How Long Will it Take to Get to 6.5 Percent Unemployment?

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Released: December 2012 • Economic Analysis

Related Topics: Employment & Wages

Authors:

  • Michael GreenstoneMilton Friedman Professor of Economics; Director of the Energy Policy Institute, University of Chicago
  • Adam LooneySenior Fellow, The Brookings Institution
 
 

Last week, the Fed announced its intention to keep interest rates at historic lows until the unemployment rate drops below 6.5 percent, so long as projected inflation remains below 2.5 percent. The Fed has now explicitly linked its interest-rate policy with future economic conditions.

But how long it will take to reach 6.5 percent?

In today’s analysis, The Hamilton Project presents a range of estimates of when the unemployment rate will reach the Fed’s benchmark. The chart below shows how long it will take to reach an unemployment rate of 6.5 percent based on different assumptions of monthly job growth.


Predicting when the economy will get back to 6.5 percent unemployment depends on many factors. For example, if monthly job growth averaged 150,000, the unemployment rate would not reach 6.5 percent until 2018. Employment growth—as measured in the household survey—has averaged about 220,000 jobs per month over the past year. Continuing at this pace, it would take about two and a half years to get back to 6.5 percent1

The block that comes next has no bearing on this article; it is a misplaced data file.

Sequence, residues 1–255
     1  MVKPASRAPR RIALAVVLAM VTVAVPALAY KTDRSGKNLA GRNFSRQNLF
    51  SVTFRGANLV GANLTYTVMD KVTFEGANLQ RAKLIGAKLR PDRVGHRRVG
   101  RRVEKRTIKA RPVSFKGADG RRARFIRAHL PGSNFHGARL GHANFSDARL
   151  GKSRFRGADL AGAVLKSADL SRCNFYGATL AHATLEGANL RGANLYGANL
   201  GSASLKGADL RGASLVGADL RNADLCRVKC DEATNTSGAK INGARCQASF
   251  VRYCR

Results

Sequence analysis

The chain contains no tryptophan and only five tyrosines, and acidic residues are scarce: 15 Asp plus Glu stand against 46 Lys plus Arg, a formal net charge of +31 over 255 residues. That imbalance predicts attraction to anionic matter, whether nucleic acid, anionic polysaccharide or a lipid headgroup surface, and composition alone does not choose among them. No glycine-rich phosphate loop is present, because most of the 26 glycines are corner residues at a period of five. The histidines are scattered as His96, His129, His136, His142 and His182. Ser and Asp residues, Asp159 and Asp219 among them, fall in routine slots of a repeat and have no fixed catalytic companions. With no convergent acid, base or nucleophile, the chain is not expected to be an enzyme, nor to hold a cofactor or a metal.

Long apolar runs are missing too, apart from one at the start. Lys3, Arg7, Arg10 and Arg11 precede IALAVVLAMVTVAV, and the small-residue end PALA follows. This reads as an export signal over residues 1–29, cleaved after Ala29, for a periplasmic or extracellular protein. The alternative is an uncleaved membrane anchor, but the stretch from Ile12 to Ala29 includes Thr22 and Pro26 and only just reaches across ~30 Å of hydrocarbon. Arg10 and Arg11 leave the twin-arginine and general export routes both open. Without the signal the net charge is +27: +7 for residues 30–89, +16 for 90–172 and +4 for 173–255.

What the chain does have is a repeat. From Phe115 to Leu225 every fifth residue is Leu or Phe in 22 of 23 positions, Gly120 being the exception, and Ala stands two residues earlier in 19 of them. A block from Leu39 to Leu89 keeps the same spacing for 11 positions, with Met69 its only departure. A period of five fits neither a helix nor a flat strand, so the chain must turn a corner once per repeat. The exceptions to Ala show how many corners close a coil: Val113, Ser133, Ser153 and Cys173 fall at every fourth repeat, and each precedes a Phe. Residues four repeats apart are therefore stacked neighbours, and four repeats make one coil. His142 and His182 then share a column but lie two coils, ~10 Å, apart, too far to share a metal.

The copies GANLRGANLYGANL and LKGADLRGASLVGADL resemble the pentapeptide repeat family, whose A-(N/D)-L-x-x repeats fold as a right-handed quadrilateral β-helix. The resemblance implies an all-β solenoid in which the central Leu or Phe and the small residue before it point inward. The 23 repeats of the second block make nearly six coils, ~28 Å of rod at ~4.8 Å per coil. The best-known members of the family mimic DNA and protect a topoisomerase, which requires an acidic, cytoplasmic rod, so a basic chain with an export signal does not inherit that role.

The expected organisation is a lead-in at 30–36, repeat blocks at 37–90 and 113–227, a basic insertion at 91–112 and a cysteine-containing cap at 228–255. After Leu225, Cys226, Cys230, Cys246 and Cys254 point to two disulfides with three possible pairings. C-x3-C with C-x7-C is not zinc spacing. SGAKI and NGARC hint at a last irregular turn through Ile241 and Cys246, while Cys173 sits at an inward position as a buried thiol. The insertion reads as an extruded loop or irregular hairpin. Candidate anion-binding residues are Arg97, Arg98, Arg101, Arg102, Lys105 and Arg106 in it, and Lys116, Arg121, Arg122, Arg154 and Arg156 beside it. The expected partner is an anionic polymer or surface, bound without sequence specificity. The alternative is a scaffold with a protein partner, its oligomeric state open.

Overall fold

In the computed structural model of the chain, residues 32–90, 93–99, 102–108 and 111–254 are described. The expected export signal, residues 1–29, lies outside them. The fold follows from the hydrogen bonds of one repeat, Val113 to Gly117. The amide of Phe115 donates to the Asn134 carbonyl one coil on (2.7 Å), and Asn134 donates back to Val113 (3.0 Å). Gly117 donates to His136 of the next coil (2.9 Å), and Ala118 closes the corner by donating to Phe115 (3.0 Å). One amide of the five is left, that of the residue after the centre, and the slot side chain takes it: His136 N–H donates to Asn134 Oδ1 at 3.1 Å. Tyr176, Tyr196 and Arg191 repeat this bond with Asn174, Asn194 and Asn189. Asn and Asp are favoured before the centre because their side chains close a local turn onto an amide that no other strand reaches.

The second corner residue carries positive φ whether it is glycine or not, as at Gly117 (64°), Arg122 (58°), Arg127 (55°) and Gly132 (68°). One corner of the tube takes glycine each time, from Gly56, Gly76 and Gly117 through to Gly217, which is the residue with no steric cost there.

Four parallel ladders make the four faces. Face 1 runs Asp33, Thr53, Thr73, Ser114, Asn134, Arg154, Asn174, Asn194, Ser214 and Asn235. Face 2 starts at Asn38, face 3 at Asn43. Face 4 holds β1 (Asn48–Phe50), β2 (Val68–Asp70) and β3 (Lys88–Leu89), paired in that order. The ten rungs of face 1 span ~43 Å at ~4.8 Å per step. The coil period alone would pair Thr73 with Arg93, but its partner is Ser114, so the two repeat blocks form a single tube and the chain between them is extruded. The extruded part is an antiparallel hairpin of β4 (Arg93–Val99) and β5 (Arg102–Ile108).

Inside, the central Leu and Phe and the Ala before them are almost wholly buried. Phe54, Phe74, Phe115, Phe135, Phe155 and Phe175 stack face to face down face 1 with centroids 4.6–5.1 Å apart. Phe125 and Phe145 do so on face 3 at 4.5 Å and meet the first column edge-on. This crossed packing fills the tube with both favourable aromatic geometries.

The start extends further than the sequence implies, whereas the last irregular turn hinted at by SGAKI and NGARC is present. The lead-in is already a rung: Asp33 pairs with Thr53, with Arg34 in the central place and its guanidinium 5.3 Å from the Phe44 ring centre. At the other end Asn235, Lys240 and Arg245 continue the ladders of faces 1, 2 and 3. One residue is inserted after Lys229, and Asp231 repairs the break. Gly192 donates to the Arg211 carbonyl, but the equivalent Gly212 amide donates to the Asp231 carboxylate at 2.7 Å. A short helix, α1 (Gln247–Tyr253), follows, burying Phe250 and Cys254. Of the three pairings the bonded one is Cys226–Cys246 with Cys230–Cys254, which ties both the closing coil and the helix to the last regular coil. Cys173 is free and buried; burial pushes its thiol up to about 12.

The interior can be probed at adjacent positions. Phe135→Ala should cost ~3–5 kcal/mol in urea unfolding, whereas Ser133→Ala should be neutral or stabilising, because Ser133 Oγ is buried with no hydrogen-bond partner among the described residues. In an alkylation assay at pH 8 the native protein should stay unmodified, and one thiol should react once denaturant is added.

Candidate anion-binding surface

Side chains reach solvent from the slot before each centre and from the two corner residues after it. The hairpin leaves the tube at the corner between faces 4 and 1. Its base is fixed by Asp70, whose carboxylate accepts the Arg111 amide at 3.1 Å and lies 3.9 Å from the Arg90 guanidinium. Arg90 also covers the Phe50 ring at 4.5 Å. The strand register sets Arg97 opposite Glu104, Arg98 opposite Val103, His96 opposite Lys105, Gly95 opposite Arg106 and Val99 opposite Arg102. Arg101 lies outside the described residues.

While the Federal Reserve has set its benchmark at 6.5 percent, that is significantly higher than the unemployment rate in the year before the start of the Great Recession, which never exceeded 5 percent. Returning to pre-recession normal will necessarily take even longer.

The Hamilton Project’s “jobs gap” calculator allows you to explore how long it will take to return to the pre-recession employment rates, rather than unemployment rates, at various levels of job growth each month. The jobs gap calculator can be found here, and the state-by-state breakdown of the jobs gap, updated each month, can be accessed here.

 


1 Because the unemployment rate is defined as the share of the labor force without a job, changes in the labor force—the number of American either working or actively searching for work— have important implications for the unemployment rate. Consequently, these estimates depend critically on assumptions about changes in the labor force.  Our calculations use the 2011 estimates from the Congressional Budget Office of labor force participation over the next decade, which are subject to uncertainty; to the extent that the labor force grows more quickly over the next few years, the length of time required to return to 6.5 percent will be longer (and the converse is true if labor force growth is slower).

 


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